Is that enough? Definitely not, given the economies of scale, technological advance in batteries and factory robotization that China has achieved. On top of this, as in other industries from steel to solar panels, massive overproduction results in a drastic Chinese price war at home, beginning with EVs. Tesla, which started the process, is now feeling the brunt for its Shanghai factory. Xiaomi, a totally new entrant in the car market but a talented software operator, has launched an upscale car at less than €28,000 on the Chinese market, and has received 100,000 orders in five days. The writing is on the wall.

The escape valve for overinvestment and overproduction is export. Europe is the first destination. If other markets – the United States, India, Japan – are closed to Chinese cars, Europe will be the market of last resort for Chinese producers. The rest of the world does not have enough capacity for absorption, and especially so for EVs.

If other markets – the United States, India, Japan – are closed to Chinese cars, Europe will be the market of last resort for Chinese producers.

Will old-fashioned custom duties constitute enough of a barrier to contain the flow? They may just amount to a speed bump on the road. Many European manufacturers have to rely on high prices to finance their energy transition and retain profit margins with lower volumes. At home, Chinese makers depend, as Tesla did, on volume acquisition before profits. In Europe, the Chinese brands, already active, are not discounting their cars as much as they could. One would need 60 to 100% custom duties to stop them – which might happen in the United States.

China’s Campaign Against the European Union’s Subsidy Investigation

Certainly, Beijing is already campaigning against the European Union’s investigation on Chinese subsidies to the car industry. Beijing is considering retaliation against brandy – a pattern of "threatening Germany, punishing France" that goes back to the 2012 fight over solar panels and antidumping, besides recalling some adversarial gestures by the former Trump administration.

The European Union’s countervailing duties will not be sufficient on their own. Although they are based on better price comparison methods than before, they are strictly proportional to the assessed damage for European manufacturers, which ignores the dynamic of difficult trade negotiations. They are also slow to implement and must be periodically reviewed. This will not cancel the Chinese price differential with cars produced in Europe.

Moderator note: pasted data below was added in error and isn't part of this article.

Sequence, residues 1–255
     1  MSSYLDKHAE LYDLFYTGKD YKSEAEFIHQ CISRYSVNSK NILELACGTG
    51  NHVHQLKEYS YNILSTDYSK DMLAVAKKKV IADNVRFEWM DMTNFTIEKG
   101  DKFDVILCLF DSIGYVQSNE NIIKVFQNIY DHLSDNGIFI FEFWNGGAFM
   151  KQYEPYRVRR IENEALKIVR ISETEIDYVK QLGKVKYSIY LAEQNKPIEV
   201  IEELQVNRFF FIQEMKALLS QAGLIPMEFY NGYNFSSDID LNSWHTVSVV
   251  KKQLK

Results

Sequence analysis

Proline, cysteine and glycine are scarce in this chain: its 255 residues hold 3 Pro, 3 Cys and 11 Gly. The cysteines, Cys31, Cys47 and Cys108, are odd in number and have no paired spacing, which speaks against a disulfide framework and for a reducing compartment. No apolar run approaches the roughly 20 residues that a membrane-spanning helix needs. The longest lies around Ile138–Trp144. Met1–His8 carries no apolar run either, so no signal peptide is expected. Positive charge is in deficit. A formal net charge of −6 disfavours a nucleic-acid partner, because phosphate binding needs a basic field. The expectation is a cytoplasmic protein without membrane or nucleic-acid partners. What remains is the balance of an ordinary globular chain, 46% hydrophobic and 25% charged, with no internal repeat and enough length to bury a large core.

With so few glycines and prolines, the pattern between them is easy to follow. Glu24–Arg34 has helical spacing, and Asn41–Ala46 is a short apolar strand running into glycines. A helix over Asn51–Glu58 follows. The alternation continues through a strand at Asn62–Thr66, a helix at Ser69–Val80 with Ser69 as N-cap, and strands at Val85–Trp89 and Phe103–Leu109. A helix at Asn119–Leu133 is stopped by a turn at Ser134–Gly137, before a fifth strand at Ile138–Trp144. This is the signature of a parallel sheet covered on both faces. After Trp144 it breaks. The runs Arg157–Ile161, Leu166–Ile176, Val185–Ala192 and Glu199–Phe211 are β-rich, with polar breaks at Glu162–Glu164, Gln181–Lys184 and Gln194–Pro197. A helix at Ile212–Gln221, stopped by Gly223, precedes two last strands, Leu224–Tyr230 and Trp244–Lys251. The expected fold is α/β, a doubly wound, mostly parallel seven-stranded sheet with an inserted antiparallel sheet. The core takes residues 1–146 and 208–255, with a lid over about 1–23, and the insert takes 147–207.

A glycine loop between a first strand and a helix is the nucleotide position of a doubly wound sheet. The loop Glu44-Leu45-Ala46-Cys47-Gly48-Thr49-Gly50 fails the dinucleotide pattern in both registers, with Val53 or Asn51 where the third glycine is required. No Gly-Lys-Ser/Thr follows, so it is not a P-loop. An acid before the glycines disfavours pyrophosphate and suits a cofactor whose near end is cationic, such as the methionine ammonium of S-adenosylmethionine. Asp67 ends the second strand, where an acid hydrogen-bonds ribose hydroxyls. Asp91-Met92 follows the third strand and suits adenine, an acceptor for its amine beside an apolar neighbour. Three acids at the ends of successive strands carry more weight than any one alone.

Oldtimers recall the surge of Japanese car exports in the late 1970s, the subsequent trade conflicts with the United States and Europe, as well as their resolution: a sliding Voluntary Export Restraint (VER) with the United States from 1984 to 1994, a voluntary export quota with Europe that started at 3% in 1991 and lasted in some cases until 1999. It incited Japan to launch a massive delocalization of factories that reindustrialized the Apalachees in the United States, with another production base in the United Kingdom on the cinders of its dying auto industry.

But Japan’s passenger car production was 2.4 million in 1984 (and 3.1 million in 1991), not China’s 27 million in 2023. In the United States, and ultimately in Europe, consumers paid the bill for these restrictions with higher prices. Detroit never fully recovered from it, with new production centers having appeared from Indiana to Alabama and Arizona.

Although Chinese negotiators sometimes put forward the notion of self-restraint, it is an outdated solution.

Additionally, the World Trade Organization (WTO) in its dreamy 1998 days eliminated the possibility of VER agreements. Although Chinese negotiators sometimes put forward the notion of self-restraint, it is an outdated solution, even more so when one considers China’s track record on commitments to the outside world.